I’m no longer ashamed to admit this, but I’m 32 and I’m still paying off my student loan debt. That’s because I borrowed way too much money. It is insane to me that lenders allow teenagers to borrow money without ensuring adequate financial education in our schools first. I’m not normally a conspiracy theorist, but it seems like this is by design – don’t educate our kids about money but let them borrow tens of thousands of dollars right out of high school. (Plus, it’s more expensive to finance college than it is to finance a car. WHY?!)
To give you context, I was the first in my immediate family to go to university. I’m proud of being a UCLA Bruin, but man – that was a pretty penny I paid for that sociology degree! My parents and my older sisters had no idea how to fill out a FAFSA or how to navigate the student loan world. My high school had one college counselor dedicated to multiple schools, so her time was limited and her college workshops weren’t that detailed about student loans. And there weren’t nearly as many financial blogs out there that could tell me how to be careful with student loans.
So, I did it all on my own. In the end, I borrowed nearly $100,000 to pay my way. I’m still a little embarrassed to share this big number, but it definitely humbled me! On a non-profit salary when I graduated, I really had to learn how to keep my budget tight enough to pay my debt down.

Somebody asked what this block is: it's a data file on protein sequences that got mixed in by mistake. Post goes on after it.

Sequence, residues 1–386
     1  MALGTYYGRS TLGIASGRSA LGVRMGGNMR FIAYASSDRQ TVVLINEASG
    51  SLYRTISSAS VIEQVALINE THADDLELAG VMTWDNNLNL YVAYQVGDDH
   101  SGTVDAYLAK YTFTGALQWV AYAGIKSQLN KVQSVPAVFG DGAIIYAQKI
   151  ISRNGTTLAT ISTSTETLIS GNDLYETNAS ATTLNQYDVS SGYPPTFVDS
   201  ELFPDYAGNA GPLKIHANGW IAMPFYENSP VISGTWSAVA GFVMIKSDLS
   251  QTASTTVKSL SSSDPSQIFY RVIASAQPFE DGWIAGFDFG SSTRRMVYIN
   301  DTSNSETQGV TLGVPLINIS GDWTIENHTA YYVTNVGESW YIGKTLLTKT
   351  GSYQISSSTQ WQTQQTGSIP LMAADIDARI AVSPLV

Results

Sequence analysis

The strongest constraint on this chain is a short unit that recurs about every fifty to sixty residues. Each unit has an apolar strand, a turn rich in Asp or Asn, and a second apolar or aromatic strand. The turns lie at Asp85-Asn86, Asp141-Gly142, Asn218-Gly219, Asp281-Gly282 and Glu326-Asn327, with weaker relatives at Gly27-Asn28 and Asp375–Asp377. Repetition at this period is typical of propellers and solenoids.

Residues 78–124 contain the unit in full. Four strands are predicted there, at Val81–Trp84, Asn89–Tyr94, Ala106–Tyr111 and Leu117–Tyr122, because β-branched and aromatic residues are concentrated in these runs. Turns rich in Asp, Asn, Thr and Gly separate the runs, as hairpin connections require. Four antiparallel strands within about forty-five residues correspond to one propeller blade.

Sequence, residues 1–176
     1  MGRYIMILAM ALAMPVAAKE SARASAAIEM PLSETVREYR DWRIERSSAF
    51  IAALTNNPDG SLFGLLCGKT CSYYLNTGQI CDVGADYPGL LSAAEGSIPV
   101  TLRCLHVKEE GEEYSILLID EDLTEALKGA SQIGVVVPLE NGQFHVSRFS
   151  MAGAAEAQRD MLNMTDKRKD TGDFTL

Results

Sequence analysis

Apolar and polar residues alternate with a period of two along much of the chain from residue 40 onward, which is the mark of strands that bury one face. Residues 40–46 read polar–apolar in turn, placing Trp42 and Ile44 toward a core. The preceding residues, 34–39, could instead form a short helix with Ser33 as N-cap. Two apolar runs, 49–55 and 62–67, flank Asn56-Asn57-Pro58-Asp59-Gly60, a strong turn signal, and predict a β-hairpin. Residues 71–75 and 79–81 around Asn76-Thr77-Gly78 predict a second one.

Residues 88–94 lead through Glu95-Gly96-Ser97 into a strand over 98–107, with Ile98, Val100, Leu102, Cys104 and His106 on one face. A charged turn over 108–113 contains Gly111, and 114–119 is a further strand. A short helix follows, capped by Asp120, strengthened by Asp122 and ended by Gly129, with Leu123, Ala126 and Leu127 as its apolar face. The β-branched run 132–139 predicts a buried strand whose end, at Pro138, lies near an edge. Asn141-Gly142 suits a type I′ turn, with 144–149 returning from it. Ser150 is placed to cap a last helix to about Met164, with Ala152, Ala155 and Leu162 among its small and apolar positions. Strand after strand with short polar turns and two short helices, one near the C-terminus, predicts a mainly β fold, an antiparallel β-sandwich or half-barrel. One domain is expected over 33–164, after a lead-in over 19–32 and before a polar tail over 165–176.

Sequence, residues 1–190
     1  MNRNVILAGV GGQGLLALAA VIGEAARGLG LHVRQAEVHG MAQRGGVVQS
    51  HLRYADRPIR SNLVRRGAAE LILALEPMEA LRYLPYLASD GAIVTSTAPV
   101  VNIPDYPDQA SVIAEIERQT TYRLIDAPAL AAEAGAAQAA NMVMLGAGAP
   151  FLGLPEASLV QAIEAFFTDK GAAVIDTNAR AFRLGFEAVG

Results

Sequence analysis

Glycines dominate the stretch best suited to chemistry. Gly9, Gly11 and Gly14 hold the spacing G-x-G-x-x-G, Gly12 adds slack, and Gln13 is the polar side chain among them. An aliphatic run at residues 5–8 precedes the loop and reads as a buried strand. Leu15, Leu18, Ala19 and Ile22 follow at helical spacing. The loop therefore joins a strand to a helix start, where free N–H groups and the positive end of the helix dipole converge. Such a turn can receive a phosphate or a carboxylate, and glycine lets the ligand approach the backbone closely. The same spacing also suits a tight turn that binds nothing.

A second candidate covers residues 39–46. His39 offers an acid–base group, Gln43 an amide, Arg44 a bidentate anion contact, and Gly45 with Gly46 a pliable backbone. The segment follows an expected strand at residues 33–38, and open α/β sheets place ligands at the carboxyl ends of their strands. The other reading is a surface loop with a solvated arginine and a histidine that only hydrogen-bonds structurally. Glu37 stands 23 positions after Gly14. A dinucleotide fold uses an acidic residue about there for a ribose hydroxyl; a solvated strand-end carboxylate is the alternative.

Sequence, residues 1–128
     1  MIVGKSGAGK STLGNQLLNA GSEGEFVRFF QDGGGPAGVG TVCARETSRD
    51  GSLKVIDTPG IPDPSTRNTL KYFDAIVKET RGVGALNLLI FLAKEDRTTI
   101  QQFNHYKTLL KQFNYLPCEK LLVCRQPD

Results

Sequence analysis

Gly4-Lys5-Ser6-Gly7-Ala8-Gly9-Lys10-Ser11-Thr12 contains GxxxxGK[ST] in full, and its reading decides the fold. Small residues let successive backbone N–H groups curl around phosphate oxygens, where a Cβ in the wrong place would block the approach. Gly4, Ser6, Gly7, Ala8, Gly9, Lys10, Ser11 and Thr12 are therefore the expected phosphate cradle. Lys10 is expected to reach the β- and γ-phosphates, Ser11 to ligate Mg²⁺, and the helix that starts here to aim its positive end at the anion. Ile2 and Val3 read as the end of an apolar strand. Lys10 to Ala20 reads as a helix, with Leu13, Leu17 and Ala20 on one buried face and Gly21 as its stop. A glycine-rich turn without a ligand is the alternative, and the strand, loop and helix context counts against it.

Anyway, all of this to say – student loan debt can of course be an essential tool in helping us pursue our educational goals, but our public school system has so much more to do by way of providing financial education and college resources. And our colleges and universities have so much more to do by way of making their programs more affordable or providing more scholarships. And our government have so much more to do by way of protecting young consumers from being gouged with student loan debt and ensuring our public schools have the resources to do so.
In other words, we are utterly failing our youth in helping them pursue their educational aspirations. From the top down, we are not prioritizing education and instead profiteering from this gross lack of knowledge. Things need to change for our future generations so that they are not riddled with debt, keeping them from pursuing their passions and helping them self-actualize. It’s crazy.